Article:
Tuesday, 19 December 2017

Further experiments with North American Smocking for chapter 6

My last set of samples of North American smocking revealed an interesting pattern on the reverse which seemed to resemble patterns on the Ivy Clad Ditch research photos in chapter 1.

Sian suggested I try making samples combining the front and reverse patterns on one side of the fabric. Great minds think alike as these had been my thoughts too! So glad Sian suggested it.

These are my trials:
Lattice patterning:
Sample 1 shows two rows of reverse and two rows of the right side stitching
Sample 2 shows alternate rows of reverse and right side stitching



More lattice patterning:
Sample 3: Alternate stitching along the rows. I worked a stitch and then flipped it over to work the next on the other side.
Sample 4 : An alternate simplified  form of lattice stitch 
Lozenge patterning:
Sample 5: Lozenge pattern [right side]
Sample 6: Lozenge pattern - alternate rows of right side and reverse side stitching.




Lozenge stitch reverse:




I thought it would be fun to lay some of these samples against the original research in chapter 1




I enjoyed this and can see interesting tonal shapes and patterns which may be wonderful in later stages when I start to pull ideas together. I'm thinking ahead to stitching and maybe introducing some needle weaving along the threads on the reverse sides to add texture at a later stage.



Wednesday, 15 November 2017

chapter six post script

I came across some beautiful North American smocking which reminded me of the ditches and ridges in my research pics in ch 1 and 3.
I had a go and very pleased



And the reverse of the lattice pattern which reminds me of my ivy clad ditch in ch 3


To await development................!

Chapter 6. Tucks and pleats and gathers

This chapters is all about tucks, pleats and gathers and the many ways in which we can experiment with different ways of tucking, pleating and gathering a piece of fabric.

A tuck is stitched along it's length
A pleat is pressed into shape
A gather is pulled along a thread, stick or ribbon.

The following pages show how I have investigated these methods.
I have so enjoyed this chapter - so many surprises and gorgeous effects as I worked my way through the chapter's contents. So inspiring. Thank you Sian!
I've used a wide variety of fabrics and threads to demonstrate how different textural and tonal effects
can be achieved and tried to use my imagination to create a diverse set of samples.


Tucks first:
Looking at various methods, each method is labelled and spans over 13 samples:


This sample shows a selection of tuck methods combined every which way!


Gathering techniques:

In experimenting with gathering techniques I've used a variety of hand and machine techniques to achieve many effects. I haven't, however, been able to find a gathering or pleating machine for this section but hopefully this selection will suffice.




A selection of gathering techniques attached to a background fabric and worked to show textural and tonal effects:



Below are samples whereby different weights of fabric have been joined and gathered and then fashioned into a circular shape. I love this sample and feel it is beautiful inn it's own right.




Following on from the gathering methods we now move on to the use of stitching both by hand and machine to demonstrate the holding and decoration of gathers.
The next samples look at smocking firstly on scrim and then a more delicate tana lawn. I especially enjoyed working the irregular cable stitch on sample b.whilst thinking of the ridges and channels in the ditches in chapters 1 and 3.



A variety of fabrics stitched together and gathered before being placed on a separate background fabric and then decorated with enhancing machined satin stitch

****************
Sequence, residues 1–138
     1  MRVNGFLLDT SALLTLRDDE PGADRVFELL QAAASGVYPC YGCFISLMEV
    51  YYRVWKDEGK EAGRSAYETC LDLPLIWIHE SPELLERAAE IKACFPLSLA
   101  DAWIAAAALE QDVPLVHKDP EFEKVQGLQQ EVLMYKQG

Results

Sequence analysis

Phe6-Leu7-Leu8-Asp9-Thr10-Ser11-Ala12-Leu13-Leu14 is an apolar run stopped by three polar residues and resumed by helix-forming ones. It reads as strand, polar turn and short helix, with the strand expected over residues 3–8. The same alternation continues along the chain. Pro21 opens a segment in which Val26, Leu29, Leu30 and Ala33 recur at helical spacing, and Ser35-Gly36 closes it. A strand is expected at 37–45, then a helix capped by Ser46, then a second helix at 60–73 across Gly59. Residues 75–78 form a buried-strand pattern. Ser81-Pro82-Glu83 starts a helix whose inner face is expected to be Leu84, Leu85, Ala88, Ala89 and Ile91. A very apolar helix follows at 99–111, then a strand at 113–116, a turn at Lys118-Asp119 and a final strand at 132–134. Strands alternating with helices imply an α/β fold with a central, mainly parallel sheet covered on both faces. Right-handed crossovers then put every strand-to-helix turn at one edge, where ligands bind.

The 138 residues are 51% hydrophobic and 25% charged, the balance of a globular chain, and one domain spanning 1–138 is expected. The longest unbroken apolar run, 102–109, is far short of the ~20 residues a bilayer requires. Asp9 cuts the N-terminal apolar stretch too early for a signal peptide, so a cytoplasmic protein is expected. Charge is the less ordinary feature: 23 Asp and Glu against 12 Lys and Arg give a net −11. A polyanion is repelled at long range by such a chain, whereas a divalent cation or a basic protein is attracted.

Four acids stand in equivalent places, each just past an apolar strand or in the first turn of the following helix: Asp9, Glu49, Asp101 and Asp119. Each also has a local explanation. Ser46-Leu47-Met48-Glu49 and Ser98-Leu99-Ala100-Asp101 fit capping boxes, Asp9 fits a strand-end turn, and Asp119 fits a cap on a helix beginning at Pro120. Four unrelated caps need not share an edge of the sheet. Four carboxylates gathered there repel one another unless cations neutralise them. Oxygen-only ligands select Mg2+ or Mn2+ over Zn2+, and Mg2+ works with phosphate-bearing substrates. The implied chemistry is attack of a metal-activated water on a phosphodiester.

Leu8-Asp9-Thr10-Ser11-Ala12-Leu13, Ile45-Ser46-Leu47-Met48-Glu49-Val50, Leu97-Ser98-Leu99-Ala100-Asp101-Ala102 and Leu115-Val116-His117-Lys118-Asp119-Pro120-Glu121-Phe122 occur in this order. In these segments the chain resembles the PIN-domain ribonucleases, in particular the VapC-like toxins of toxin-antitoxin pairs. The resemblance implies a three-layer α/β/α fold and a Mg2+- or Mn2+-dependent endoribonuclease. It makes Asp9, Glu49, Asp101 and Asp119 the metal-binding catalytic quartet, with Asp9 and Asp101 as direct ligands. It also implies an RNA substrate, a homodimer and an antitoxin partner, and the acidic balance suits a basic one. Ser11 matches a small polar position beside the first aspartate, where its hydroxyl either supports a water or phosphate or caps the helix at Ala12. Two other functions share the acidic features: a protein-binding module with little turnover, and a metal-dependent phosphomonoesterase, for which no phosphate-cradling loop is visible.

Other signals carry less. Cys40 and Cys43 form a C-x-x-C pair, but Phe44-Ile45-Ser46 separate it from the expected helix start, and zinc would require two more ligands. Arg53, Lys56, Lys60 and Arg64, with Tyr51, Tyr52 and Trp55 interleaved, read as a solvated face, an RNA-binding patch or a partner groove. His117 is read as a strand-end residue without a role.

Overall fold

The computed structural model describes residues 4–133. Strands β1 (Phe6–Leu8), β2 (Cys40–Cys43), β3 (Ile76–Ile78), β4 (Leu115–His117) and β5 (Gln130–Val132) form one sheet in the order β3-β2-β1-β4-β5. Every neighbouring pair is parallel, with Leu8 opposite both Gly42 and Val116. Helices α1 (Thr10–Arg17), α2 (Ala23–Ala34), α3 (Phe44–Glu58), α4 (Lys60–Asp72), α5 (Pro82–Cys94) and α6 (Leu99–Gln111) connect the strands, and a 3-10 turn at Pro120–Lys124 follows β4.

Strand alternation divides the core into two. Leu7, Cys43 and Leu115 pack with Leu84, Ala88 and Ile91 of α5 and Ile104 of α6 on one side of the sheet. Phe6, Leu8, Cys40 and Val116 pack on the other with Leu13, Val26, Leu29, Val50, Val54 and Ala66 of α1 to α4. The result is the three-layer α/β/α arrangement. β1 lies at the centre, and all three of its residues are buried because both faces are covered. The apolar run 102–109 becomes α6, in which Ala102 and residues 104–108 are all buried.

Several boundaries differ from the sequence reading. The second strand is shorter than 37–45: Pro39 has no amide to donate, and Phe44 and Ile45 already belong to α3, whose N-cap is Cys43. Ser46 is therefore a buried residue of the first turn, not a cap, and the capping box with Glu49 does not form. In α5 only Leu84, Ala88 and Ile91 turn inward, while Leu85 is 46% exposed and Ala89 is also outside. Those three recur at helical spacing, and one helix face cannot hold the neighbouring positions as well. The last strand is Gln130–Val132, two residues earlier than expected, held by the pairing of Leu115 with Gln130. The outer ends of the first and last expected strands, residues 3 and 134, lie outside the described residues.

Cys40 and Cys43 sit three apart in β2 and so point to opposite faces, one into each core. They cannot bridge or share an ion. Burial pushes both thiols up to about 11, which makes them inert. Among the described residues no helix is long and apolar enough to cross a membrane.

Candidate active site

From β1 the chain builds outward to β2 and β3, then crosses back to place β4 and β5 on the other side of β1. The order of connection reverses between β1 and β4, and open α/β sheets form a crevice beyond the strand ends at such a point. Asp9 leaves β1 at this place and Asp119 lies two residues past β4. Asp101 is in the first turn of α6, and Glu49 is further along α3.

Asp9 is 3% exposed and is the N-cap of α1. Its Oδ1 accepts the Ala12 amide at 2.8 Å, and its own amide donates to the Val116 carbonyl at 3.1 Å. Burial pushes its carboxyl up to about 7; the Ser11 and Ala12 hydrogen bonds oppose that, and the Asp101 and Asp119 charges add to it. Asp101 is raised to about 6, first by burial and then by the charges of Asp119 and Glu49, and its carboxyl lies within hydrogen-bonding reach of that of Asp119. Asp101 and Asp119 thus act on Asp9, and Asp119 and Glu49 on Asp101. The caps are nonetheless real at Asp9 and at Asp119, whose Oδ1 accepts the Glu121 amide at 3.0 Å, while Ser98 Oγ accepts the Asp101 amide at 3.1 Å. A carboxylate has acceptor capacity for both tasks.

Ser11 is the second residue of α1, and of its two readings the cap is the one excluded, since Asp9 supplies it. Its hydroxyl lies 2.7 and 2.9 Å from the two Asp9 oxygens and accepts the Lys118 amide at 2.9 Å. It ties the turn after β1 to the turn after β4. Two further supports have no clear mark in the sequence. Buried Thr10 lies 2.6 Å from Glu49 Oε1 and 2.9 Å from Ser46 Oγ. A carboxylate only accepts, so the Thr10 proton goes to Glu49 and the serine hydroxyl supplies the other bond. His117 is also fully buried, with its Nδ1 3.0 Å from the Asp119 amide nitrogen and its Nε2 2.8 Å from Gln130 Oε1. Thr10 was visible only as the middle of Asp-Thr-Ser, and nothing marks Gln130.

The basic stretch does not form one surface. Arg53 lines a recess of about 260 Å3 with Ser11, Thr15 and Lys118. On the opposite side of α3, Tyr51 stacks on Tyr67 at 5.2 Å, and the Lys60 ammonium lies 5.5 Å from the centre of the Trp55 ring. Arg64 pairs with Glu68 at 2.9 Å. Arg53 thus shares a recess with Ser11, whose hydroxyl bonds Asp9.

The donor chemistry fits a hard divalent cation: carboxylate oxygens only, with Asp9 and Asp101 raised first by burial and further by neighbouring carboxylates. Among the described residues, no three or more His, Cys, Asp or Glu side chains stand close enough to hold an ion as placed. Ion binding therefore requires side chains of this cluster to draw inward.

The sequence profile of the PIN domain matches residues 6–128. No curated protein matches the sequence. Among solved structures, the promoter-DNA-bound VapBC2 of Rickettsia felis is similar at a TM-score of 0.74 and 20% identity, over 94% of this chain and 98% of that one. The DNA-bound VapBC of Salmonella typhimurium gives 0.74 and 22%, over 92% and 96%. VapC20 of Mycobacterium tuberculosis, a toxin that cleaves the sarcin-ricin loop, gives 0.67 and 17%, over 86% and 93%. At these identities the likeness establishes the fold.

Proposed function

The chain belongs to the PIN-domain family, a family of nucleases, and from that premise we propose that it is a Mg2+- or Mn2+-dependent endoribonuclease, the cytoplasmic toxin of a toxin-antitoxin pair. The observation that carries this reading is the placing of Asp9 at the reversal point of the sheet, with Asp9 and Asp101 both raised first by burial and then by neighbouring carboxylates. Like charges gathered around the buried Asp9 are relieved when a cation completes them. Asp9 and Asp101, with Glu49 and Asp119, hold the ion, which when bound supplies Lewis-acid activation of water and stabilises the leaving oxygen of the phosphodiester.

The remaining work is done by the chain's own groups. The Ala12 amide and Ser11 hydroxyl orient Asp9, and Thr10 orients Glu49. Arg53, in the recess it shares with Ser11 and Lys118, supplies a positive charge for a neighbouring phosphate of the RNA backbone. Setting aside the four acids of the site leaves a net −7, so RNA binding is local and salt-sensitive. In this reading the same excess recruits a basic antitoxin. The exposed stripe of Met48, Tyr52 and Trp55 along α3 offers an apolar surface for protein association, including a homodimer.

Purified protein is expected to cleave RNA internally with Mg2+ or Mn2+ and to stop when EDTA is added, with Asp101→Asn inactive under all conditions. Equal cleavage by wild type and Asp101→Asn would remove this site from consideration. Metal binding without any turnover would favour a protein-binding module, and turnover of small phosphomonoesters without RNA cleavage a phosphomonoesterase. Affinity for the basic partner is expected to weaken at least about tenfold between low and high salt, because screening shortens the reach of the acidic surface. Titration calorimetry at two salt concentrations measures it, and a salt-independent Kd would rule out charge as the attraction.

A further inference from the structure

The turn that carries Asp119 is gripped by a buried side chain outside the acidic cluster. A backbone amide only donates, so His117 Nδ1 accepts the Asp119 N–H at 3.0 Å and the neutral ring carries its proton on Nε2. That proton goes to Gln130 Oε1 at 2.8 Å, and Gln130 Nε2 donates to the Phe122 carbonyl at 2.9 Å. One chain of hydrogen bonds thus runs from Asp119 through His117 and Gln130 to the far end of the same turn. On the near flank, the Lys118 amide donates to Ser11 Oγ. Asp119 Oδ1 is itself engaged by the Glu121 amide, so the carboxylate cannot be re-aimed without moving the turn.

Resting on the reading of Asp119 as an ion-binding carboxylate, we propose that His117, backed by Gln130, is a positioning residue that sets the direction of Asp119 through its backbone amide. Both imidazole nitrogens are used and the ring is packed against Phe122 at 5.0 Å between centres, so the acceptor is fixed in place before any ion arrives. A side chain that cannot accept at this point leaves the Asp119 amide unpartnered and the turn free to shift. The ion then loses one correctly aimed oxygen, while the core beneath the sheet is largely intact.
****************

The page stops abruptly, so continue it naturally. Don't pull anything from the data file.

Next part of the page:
Further gathering methods:


The use of buttons, beads, shells etc to add more delight!


I have so enjoyed this chapter and can't wait for the next to take these techniques further.

I have another image to add showing North American smocking but will have to postscript as it has failed to download





Wednesday, 20 September 2017

Chapter 5 Quilting techniques


Quilting techniques involve layers of fabric with padding  placed below the top surface, stitching is added to hold the layers in place. This chapter looks at the wadded, shaped, padded and corded methods of quilting.

I've worked with some traditional methods of quilting in the past but have been fascinated by the experimental samples with unconventional fillings and padding used here.

I've uploaded my sketchbook pages starting with the wadded technique. I've started by using conventional methods and then moved onto more experimental materials in later samples .

Wadded method:












 I used the strips of fabric at random as wadding, I love the unfinished edges.


You can just make out the small circular shapes of the waste from my paper hole puncher here!


I think this feathered filling below is my favourite, I love the swirling effect of the feathers and the soft tonal qualities.
Sample 10, however, is taken from another piece of work completed some time ago but I felt it could be really useful - especially as a possible interpretation of the 'ivy clad ditch' in chapter 3 sample 5.



Shaped quilting:

This involves two layers of fabric with the shapes placed upon the backing fabric [ I used a little glue to keep them in place] before adding the top layer of fabric and carefully adding the stitching.

We were encouraged to try out different top fabrics and fillings for interesting results, especially see through top layers revealing the unusual fillings beneath!



Padded quilting:

 Padded quilting is comprised of a top and backing fabric which are stitched together first and the padding added afterwards through the back layer. To achieve this a slit is made within the stitched shape, the padding inserted and the slit slip stitched back in place.
It was fun trying out various shapes and unusual paddings. 



This piece of trapunto was completed previously, I apologise for the pink but I thought it was a lovely example.



Corded quilting

I tried some by hand - using back stitch either side of the cord, I especially love the effect of the sugar puff voille and the beads!  The others are by machine using straight stitch and a double needle was used for sample 4 which seemed to have a life of its own as it sprung to life! The backs views were good too especially sample 1!


Back views: